But here’s the thing – we have learned a lot about how and why parents co-sleep in the 3 years since the American Academy of Pediatrics issued its warnings about the dangers of bed-sharing in 2011. The AAP went to great lengths then to issue warnings about the dangers of co-sleeping…and some states (New York and Wisconsin, for example) have taken up the call by creating their own anti-co-sleeping campaigns. The goal was to staunch the rising tide of infant deaths related to bed-sharing, and some of the tactics used in this anti-co-sleeping campaign were downright disturbing (like this image of baby sleeping next to a meat cleaver).

    But it’s looking more and more like these campaigns have not only failed to make a meaningful difference in co-sleeping rates — it’s looking more and more like they have backfiredand it’s easy to see why.

    For one, most of these campaigns strongly emphasize the dangers of sharing a bed with your baby – but really, sharing a bed is far, far less dangerous than parents sharing a couch with their babies, or a recliner. As Dr. Melissa Bartick shared in a recent article with WBUR, in Boston,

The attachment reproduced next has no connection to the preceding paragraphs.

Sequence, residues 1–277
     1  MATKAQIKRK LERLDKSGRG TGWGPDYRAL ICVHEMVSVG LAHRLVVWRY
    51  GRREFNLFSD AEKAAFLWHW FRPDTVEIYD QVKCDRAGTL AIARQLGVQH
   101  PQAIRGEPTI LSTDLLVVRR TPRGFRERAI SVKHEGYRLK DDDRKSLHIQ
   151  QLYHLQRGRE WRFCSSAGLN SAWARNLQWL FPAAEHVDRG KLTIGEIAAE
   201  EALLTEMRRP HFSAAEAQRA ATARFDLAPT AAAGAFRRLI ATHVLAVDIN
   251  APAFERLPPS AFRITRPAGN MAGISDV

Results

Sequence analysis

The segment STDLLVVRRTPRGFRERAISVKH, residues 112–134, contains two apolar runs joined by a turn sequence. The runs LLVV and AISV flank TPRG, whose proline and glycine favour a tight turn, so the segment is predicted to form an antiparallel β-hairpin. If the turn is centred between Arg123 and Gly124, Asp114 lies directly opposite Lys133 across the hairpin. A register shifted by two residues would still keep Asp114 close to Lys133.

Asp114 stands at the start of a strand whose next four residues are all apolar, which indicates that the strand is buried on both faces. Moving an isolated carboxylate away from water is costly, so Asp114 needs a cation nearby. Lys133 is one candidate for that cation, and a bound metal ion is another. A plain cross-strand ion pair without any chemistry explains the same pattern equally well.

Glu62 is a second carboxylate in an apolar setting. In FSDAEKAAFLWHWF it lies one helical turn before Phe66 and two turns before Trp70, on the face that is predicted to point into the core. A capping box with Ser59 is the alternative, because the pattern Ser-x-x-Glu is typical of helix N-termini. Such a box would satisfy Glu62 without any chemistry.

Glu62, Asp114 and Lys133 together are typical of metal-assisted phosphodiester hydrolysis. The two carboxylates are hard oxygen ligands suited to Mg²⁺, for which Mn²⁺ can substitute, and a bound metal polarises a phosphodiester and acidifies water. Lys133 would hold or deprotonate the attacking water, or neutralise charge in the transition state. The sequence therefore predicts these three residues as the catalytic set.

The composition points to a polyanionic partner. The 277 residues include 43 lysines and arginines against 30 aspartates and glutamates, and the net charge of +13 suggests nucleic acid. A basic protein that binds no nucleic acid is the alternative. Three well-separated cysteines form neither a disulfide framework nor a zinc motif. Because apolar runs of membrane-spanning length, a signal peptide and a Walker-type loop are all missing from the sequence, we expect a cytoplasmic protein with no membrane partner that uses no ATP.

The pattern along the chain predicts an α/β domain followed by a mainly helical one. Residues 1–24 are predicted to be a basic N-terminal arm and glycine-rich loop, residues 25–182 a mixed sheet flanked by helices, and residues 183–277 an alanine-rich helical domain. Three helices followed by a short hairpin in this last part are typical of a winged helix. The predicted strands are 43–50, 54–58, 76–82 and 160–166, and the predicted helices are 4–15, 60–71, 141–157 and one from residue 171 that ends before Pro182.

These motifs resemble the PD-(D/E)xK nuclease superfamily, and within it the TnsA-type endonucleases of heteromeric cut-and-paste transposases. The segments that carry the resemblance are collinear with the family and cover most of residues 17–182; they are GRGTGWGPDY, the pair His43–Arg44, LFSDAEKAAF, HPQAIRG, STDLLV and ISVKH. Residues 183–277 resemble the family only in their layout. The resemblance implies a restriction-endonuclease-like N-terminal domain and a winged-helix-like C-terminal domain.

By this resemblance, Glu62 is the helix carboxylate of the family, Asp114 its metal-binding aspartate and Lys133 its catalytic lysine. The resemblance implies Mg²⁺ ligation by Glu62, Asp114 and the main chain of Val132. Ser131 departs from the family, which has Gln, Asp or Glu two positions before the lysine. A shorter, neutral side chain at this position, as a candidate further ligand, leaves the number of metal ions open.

“As states have adopted the AAP 2011 recommendations, the advice to never sleep with your baby has backfired in the worst possible way. Rather than preventing deaths, this advice is probably even increasing deaths. Included in 2009 study that the AAP even cited in its statement for other conclusions, parents of two SIDS babies who slept with their infant on a sofa did so because they had been advised against bringing their infants into bed but had not realized the dangers of sleeping on a sofa. In fact, deaths from SIDS in parental beds has halved in the UK from 1984-2004, but there has been a rise of deaths from cosleeping on sofas.”